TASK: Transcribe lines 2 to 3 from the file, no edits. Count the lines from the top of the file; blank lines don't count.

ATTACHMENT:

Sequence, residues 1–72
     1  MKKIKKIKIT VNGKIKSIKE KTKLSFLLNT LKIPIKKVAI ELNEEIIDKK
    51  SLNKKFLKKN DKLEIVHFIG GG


     1  MKKIKKIKIT VNGKIKSIKE KTKLSFLLNT LKIPIKKVAI ELNEEIIDKK
    51  SLNKKFLKKN DKLEIVHFIG GG